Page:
China unveils plans for the largest optical telescope in Asia

China unveils plans for the largest optical telescope in Asia

Peking University wants to build the largest optical telescope in Asia and close the gap in astronomy capabilities with the rest of the world.

The project aims to create an initial telescope with an aperture of 19.7 feet (6 meters) by 2024; the mirror will expand to 26.2 feet (8 m) by 2030. The project, called the Expanding Aperture Segmented Telescope (EAST) in English, is being led by Peking University.

According to a statement from Peking University, the telescope “will greatly enhance China’s observational capabilities in optical astronomy.”

Related: The 10 Largest Telescopes on Earth

The acronym EAST is appropriate as the facility would become the first world-class optical telescope in the Eastern Hemisphere. The main sites today are in the Western Hemisphere in the areas around Mauna Kea in Hawaii, the Atacama in Chile and the Canary Islands off the coast of northwest Africa.

The first phase of the EAST project envisages the construction of a mirror consisting of 18 hexagonal mirror segments, similar to the mirror of NASA’s James Webb Space Telescope. The mirror would have a diameter of about 19.7 feet, again similar to that of JWST.

But unlike the newest space telescope, which orbits 1 million miles (1.5 million kilometers) from Earth at the second Sun-Earth Lagrangian point, EAST would be built on Mount Saishiteng near the city of Lenghu in Qinghai Province on the Tibetan Plateau (opens on new tab), at an elevation of about 13,800 feet (4,200 m).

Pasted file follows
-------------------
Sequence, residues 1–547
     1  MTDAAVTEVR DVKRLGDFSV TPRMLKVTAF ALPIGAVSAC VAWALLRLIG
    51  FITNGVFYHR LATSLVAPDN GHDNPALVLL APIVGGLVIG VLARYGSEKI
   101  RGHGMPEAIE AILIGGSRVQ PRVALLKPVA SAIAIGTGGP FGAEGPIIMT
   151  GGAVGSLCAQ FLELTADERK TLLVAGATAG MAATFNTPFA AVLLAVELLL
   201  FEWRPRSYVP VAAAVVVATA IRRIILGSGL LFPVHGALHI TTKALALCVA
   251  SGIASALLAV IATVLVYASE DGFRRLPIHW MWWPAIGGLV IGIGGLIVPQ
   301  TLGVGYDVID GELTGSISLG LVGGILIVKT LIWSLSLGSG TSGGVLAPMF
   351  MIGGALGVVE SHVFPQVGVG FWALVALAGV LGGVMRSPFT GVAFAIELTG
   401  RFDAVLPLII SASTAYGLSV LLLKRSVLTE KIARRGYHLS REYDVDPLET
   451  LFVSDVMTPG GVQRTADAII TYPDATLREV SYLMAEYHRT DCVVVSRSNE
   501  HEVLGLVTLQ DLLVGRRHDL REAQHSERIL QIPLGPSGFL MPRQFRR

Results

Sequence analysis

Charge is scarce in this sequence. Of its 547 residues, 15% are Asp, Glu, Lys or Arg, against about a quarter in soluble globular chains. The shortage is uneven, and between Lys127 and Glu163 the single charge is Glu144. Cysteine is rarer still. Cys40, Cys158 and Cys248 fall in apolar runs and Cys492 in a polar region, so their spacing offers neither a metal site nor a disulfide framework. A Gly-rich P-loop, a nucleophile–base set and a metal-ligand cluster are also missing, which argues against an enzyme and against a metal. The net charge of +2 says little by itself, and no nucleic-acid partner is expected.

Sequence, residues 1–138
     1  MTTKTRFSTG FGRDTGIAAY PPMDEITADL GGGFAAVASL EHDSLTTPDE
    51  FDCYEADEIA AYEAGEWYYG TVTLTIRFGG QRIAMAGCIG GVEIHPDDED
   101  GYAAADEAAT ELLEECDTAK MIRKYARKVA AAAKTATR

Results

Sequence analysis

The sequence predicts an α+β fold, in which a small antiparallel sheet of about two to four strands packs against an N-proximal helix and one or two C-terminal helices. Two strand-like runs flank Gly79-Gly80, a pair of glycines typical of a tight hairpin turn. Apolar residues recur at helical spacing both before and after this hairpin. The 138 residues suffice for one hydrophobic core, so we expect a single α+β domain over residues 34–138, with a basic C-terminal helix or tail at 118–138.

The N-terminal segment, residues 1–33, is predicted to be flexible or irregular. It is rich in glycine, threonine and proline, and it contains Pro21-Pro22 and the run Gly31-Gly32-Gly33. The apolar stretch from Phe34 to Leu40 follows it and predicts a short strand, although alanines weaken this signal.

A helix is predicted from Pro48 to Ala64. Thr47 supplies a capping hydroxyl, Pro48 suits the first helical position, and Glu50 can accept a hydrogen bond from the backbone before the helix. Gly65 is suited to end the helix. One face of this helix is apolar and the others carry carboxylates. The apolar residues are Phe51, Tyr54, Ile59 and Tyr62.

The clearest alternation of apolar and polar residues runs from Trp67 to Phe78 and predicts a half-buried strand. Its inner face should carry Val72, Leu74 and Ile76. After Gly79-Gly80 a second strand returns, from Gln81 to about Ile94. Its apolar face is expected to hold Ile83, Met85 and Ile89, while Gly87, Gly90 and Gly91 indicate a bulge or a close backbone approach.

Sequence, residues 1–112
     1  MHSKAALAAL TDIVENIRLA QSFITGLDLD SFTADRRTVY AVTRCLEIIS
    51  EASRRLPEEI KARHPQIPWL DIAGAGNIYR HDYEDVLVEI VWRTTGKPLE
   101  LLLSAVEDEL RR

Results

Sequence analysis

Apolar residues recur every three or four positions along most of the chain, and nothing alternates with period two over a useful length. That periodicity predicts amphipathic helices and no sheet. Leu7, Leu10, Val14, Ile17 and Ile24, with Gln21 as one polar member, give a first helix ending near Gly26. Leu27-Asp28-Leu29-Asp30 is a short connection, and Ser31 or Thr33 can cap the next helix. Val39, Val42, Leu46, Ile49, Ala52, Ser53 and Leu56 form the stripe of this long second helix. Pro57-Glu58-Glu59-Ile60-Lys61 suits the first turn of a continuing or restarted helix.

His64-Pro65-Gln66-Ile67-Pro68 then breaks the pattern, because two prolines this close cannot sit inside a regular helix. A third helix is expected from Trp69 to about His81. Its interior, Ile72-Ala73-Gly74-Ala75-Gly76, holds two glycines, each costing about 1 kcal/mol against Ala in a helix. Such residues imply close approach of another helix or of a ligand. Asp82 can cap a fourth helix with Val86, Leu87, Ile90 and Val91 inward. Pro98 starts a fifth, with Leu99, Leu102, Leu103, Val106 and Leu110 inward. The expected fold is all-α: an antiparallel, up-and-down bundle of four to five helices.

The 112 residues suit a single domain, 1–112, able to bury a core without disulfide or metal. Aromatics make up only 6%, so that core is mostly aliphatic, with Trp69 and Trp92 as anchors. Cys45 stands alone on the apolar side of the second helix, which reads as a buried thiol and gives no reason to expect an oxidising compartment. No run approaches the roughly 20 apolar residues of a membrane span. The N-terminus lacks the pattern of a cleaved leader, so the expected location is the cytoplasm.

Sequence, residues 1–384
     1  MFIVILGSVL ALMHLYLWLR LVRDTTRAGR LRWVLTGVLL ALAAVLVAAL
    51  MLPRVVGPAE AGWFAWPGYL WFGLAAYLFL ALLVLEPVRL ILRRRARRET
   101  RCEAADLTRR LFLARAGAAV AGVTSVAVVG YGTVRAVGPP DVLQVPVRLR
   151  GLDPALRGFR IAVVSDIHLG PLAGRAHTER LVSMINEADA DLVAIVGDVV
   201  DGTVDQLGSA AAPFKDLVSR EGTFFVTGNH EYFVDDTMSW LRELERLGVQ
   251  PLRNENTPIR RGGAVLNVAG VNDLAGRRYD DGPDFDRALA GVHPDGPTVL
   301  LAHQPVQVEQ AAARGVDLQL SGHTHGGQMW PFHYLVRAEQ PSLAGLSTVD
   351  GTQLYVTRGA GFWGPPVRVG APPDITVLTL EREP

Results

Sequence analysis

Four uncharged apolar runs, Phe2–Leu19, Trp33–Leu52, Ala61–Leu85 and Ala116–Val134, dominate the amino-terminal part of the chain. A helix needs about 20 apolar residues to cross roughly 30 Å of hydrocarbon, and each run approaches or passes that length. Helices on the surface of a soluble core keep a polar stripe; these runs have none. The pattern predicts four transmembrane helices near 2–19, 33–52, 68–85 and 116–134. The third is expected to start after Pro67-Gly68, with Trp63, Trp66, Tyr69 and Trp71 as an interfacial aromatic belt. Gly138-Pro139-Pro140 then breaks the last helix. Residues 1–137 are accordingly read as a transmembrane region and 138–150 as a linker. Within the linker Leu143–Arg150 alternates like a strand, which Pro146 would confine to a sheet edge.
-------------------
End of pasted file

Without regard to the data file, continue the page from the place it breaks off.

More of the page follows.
A schematic shows the two mirror stages of China’s proposed Extended Aperture Segmented Telescope (EAST). (Image credit: Peking University)

The second phase would add a ring of 18 more hexagonal segments around the mirror, expanding it to a diameter of more than 26.2 feet by 2030.

Peking University estimates the project will cost between 500-600 million yuan ($69-84 million). Qinghai News reported last month that work on the project is progressing steadily.

Peking University notes that astronomy plays an important role in technology and social development and that the 2020 Nobel Prize in Physics was awarded to scientists who discovered the black hole at the center of the Milky Way using powerful optical telescopes including the Keck Twin Telescopes on top of Mauna. Kea and the Very Large Telescope (VLT) in Chile’s Atacama Desert.

EAST would also be an excellent addition to China’s growing broader astronomy capabilities. The country has built the world’s largest single-aperture radio telescope, FAST, and plans to launch a large space observatory known as Xuntian in late 2023.

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